After two very long weeks, Studio 14 owner Scott Gately finally sees a light at the end of the tunnel for when he can reopen his building.
For 27 years, Gately has provided Baltimore’s musicians with an affordable rehearsal studio space inside a converted warehouse at 239 N. Franklintown Road in West Baltimore. Earlier this month, the Baltimore Fire Department received a complaint about Studio 14. A department inspection discovered multiple permit and safety violations. Officials ordered that Gately shutter the building until he could get it up to code.
Days after the closure, Gately said he was shocked by how quickly it all happened, particularly since he said the fire department checks his building regularly. “I never expected to have to go through this process. I take full responsibility,” he said. “People are heartbroken.”
Baltimore Fire Department spokesman Roman Clark didn’t return multiple messages requesting information about the specific code and permit violations. Gately said he needed to replace his sprinkler system and re-certify the building’s electrical work. He has hired contractors to fix those issues and says Studio 14 should reopen in “30 days or less,” once he’s obtained the proper permits.
“We were out of code, and we’re doing things to correct it,” he said. “I’ve got all the professionals I can on it. I’m spending the money, and I’m going to make it right.”
Studio 14’s sudden closure pushed out dozens of bands that had regularly practiced there for years. One of those groups was heavy metal group Bridge to Divide. Lead vocalist David Costello said his band had been playing there for about a year, but noted he’d rented space there with other bands for at least ten years. Bridge to Divide was playing a show at the Ottobar when they learned about the closure, but fortunately, they already had most of their equipment with them, Costello said.
“It wasn’t the most ideal situation, but we’re very understanding about it,” said Costello. “[Gately has] been really cool about everything. I think he’s looking out for the safety of everybody.”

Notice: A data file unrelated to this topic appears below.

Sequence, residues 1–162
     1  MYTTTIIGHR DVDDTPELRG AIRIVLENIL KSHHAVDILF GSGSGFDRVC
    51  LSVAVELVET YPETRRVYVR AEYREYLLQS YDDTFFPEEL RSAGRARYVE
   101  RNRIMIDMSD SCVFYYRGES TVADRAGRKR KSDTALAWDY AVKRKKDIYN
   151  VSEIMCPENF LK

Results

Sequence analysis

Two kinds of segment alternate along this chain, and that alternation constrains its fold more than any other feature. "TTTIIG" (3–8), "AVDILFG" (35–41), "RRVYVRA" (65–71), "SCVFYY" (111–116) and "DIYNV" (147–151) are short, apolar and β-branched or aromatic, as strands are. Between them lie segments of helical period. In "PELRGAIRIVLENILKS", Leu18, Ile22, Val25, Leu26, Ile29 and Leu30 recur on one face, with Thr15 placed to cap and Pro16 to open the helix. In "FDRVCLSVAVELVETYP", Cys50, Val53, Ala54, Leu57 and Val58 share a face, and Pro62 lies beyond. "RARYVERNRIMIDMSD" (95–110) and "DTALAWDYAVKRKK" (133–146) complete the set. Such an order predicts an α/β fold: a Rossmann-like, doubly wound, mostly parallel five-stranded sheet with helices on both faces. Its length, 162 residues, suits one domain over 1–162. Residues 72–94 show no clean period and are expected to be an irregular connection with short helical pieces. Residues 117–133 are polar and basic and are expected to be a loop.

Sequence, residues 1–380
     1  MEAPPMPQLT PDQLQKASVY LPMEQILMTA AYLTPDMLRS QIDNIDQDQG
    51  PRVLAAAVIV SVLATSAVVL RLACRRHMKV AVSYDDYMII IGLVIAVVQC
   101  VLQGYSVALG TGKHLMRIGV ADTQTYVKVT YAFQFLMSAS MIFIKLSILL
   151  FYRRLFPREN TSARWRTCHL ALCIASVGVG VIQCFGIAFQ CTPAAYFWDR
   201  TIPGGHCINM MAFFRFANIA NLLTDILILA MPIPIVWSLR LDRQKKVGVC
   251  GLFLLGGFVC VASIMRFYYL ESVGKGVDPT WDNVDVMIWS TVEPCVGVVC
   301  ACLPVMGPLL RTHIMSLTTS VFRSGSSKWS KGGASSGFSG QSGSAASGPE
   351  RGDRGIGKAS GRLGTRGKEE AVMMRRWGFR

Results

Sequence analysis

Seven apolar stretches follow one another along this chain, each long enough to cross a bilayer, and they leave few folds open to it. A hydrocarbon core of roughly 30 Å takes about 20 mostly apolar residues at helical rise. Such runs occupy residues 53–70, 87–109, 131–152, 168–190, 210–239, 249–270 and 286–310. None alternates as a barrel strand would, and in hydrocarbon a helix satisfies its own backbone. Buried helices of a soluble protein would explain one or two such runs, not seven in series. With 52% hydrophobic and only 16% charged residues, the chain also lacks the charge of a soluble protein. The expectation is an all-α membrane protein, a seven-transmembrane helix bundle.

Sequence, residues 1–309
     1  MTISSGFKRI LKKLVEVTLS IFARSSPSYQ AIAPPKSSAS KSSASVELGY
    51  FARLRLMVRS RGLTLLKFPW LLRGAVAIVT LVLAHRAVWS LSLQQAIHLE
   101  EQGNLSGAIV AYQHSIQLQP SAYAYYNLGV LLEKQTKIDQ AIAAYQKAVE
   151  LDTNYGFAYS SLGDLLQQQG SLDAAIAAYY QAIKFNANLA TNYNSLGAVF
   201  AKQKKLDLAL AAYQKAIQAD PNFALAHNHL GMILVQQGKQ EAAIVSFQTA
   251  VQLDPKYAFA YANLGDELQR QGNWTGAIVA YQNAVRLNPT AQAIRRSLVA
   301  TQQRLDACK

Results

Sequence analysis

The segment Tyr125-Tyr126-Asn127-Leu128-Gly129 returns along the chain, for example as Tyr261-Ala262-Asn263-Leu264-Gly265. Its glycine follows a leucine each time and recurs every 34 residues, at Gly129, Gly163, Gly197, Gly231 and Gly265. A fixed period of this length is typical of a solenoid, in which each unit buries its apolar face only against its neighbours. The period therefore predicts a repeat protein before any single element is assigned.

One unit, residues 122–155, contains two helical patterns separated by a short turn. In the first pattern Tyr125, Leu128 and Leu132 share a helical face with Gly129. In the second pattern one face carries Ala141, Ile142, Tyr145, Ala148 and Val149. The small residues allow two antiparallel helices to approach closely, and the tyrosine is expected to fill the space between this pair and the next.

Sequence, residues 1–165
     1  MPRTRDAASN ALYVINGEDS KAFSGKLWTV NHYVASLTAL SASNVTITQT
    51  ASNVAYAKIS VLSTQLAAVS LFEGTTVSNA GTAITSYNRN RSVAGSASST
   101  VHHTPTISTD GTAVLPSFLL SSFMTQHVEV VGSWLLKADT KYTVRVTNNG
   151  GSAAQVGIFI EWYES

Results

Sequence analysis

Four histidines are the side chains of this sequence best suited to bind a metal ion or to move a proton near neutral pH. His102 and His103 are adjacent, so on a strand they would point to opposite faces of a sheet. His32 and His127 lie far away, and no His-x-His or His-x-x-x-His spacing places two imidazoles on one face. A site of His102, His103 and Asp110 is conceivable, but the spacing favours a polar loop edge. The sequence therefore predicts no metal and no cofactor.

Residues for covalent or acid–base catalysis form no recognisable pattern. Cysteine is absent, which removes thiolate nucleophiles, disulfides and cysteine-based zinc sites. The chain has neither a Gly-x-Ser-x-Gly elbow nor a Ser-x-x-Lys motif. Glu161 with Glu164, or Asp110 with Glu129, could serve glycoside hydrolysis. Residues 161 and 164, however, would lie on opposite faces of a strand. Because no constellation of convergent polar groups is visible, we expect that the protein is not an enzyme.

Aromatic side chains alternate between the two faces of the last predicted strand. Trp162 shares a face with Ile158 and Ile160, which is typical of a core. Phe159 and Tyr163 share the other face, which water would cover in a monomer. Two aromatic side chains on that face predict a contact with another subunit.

The Baltimore Rock Opera Society band was also forced out. Artistic director Aran Keating said the news, which they learned from other bands online, was “just another demoralizing, frustrating thing.” BROS had already been kicked out of the Bell Foundry with dozens of others in December. The space in Station North housed the rock opera troupe’s rehearsal and production space that they had built up over the last four years. They’ve since launched a fundraising campaign to get their own permanent space.
“It’s just another hiccup,” Keating said of Studio 14’s temporary shuttering. He said the building has generally been “safe and clean” while the BROS band has practiced there for the last three years. He also said Gately was “very communicative” with them once they had learned about the closure.
Gately hired Harris Fire Protection to update a few pieces of the sprinkler system, install pull-down fire alarms and strobe lights, submit an evacuation plan to the fire marshal’s office and construct a designated room for the sprinkler system so that the fire department can have “unfettered” access to it in case of a fire. Its work should be finished by this Saturday, he said.
He also hired an electrical contractor to examine the wiring of his space, point out any necessary fixes and re-certify it. An architect will then separately verify that all repairs are up to code, he said.
Members of the fire department have continued to stop by amid the ongoing repairs to familiarize themselves with the building, Gately said. “It couldn’t be a nicer bunch of guys. They want to see us reopen,” he said.
Costello said he’s watched a musical community develop around Studio 14 over the last decade. “I’ve met so many bands and so many people in the music scene,” he said. “It’s just been a great community and a way for musicians to meet other musicians.”
Gately is hoping to pull together some of those artists for a benefit show that could subsidize some of his repair expenses. Plenty have expressed interest in playing a show together, and some individuals have even offered to help out with the physical repairs, he said.
“The outpouring from everybody, it’s been very humbling and very overwhelming,” he said.
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